There it is in plain language: a fourfold task to freedom. What could be more self-help, new-age and catchy? Buddha’s The Man. Don’t misunderstand me. I’m not being sarcastic. It works.

Dependency on analytical thinking leads us to confuse
the syntax of language with the nature of reality

If I sound a little edgy it’s because I’ve had it with piety and with flatulent theorizing. I just have to speak out. I hate the flimsiness of the New Age as much as you, but I also hate the pretensions of those who invoke the Ancients as if they were a master race.

Dependency on analytical thinking leads us to confuse the syntax of language with the nature of reality. When you take Buddhism as an ideology, the Buddha’s practical instructions get mangled into nonsense about us not really existing, or into metaphysical fantasies about some Ultimate Reality.

Sure you have to think about stuff, but experience it first; otherwise it’s just theory. Remember when you were a freshman, babbling polysyllabic words, pretending you weren’t a dumb kid any more? You had nothing under your belt but a few overwritten term papers. Hey, I did it too. It’s so embarrassing. Some people never outgrow it. The worst is when they make a career of it.

Again, don’t get me wrong: analyzing the Pali canon requires skills and special tools. I tip my hat to the scholars who make obscure texts available to us, but scholarship is just a means to an end. I especially admire those who can function within a tradition without being buried alive in rules and deep theory, who lead with a practical edge. The point is to put the method to work; to transform the way we experience ourselves and treat others. Have I got it all wrong? Am I just a simplistic new-ager? I don’t think so.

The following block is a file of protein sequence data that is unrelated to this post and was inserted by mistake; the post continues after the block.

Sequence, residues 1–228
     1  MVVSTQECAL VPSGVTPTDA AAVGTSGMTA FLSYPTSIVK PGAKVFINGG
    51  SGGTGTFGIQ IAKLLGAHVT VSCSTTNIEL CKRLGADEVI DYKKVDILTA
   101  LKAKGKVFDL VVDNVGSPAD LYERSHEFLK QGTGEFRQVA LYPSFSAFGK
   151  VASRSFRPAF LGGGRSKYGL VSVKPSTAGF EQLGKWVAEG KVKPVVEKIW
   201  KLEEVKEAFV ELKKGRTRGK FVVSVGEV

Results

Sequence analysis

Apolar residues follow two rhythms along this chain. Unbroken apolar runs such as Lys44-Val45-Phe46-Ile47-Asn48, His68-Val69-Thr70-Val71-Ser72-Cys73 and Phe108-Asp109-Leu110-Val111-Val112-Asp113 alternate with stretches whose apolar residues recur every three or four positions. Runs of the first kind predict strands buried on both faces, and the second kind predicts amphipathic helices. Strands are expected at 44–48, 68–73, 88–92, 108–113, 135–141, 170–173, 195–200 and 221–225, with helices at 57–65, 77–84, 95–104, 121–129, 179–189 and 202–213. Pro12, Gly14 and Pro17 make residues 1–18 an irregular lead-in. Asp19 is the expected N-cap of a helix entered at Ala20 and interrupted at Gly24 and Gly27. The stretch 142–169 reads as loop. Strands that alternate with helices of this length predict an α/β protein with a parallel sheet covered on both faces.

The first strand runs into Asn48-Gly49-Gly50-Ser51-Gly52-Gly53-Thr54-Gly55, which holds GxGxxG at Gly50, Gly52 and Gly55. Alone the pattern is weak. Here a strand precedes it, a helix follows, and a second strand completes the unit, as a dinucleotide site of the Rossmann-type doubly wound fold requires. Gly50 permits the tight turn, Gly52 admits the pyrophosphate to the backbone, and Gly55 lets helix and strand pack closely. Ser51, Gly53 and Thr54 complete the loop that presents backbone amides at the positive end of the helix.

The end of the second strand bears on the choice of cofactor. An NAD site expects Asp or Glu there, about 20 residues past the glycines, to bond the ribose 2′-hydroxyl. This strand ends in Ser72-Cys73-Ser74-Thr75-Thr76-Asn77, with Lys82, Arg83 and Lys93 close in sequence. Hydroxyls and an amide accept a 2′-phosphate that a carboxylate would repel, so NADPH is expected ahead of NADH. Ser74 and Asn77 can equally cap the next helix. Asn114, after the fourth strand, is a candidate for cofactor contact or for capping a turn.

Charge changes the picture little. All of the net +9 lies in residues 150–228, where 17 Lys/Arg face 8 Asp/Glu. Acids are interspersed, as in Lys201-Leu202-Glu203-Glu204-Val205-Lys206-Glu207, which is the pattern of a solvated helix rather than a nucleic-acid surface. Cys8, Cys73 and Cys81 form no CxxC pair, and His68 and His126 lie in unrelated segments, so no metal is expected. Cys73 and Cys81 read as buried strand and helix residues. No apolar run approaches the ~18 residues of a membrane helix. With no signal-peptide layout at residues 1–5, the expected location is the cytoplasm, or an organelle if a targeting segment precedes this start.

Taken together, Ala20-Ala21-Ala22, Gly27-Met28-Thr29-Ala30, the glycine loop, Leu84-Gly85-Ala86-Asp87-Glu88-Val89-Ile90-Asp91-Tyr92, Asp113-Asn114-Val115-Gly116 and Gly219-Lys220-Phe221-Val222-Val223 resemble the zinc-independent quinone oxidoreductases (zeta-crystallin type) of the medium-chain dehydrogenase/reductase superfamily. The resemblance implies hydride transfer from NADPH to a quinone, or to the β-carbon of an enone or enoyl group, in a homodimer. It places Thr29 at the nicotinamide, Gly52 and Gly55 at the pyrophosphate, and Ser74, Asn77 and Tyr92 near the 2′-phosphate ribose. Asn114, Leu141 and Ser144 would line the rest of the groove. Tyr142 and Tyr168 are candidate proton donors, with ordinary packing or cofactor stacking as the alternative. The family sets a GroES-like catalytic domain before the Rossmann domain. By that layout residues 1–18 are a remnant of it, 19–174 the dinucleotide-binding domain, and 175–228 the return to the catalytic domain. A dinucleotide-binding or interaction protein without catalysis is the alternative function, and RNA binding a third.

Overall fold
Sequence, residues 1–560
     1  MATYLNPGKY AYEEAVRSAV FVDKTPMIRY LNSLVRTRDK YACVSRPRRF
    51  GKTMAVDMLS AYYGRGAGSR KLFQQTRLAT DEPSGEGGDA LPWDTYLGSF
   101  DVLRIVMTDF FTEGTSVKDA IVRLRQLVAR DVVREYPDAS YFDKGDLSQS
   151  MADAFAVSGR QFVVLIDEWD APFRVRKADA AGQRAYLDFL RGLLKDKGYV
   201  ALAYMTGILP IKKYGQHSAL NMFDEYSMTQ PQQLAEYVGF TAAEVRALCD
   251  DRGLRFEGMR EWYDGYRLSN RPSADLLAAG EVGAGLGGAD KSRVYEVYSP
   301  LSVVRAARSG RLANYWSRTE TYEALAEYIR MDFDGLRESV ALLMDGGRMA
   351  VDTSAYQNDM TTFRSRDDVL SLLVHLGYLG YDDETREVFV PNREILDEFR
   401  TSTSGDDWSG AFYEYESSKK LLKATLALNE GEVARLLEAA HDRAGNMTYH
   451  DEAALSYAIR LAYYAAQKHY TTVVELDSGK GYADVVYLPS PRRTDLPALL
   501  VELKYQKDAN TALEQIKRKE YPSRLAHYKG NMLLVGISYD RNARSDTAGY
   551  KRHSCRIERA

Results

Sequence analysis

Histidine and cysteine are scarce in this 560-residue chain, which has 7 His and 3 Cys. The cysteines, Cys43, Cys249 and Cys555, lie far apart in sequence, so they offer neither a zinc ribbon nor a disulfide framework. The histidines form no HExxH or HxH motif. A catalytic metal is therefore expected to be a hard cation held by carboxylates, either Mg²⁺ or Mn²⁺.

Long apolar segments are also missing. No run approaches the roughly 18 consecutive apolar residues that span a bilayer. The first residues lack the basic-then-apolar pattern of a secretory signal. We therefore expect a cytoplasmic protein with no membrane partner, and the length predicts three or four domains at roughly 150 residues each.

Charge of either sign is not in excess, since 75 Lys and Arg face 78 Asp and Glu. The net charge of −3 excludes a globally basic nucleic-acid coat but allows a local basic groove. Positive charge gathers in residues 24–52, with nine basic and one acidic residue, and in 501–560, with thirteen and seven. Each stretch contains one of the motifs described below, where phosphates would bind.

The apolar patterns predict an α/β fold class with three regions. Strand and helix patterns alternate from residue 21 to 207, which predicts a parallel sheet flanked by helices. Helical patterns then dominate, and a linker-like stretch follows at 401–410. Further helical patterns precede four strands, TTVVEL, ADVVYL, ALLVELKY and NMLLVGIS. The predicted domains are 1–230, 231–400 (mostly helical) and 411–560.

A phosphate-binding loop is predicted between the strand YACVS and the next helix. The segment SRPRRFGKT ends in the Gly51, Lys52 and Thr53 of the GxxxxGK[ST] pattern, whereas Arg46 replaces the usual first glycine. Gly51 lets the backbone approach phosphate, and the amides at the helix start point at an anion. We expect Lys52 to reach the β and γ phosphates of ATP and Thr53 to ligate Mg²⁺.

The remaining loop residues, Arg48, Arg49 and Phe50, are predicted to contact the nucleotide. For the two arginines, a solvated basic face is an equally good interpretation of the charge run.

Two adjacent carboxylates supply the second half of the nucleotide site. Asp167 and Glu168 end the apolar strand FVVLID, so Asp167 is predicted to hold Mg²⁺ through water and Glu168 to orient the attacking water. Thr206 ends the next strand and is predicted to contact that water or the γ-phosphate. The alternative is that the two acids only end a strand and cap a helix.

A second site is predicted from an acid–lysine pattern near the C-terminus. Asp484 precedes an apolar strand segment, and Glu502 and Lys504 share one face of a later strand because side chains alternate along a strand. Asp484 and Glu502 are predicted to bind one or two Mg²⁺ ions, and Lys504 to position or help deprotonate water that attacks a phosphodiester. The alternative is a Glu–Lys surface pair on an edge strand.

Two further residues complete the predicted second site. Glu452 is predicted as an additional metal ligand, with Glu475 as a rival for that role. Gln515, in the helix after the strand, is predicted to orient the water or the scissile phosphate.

This post was tangentially inspired by Stephen Batchelor’s article A Secular Buddhism, published by the Journal of Global Buddhism, but don’t blame him for my indiscretions.


Author: Stephen Schettini

Host of The Naked Monk

14 thoughts on “Buddha: the Self-help Guru”

  1. Stephen

    I so, totally agree with your statement and find myself getting tired of opinions, views and angles.
    We just seem to have too much time, too many choices, and too much security to get on with life.
    This is what I have concluded after reading, cognizing, feeling, introspecting, believing, theorizing, experiencing and living….
    The existentialist dilemma is fundamentally a human dilemma. No other life form thus far has exhibited such an angst towards existence as such – proof of this is in the constant changes we bring to our environment without ever reaching an enchanted sense of self-sufficiency, as one era’s Utopia becomes the following one’s redundancy. Therefore, in essence, this must be a human characteristic, but which one?
    The tragedy of life has nothing exclusively with hopes & expectations, constraints & adversities, pain & suffering as these matters are also the sources of our contentment and happiness if not goals and directions in our experiences.
    I take upon myself – as this is verifiable only deductively – by moving in depth into the primal cause of this dis-enchantment, by making the assertion that,
    The Tragedy Of Life is MIND.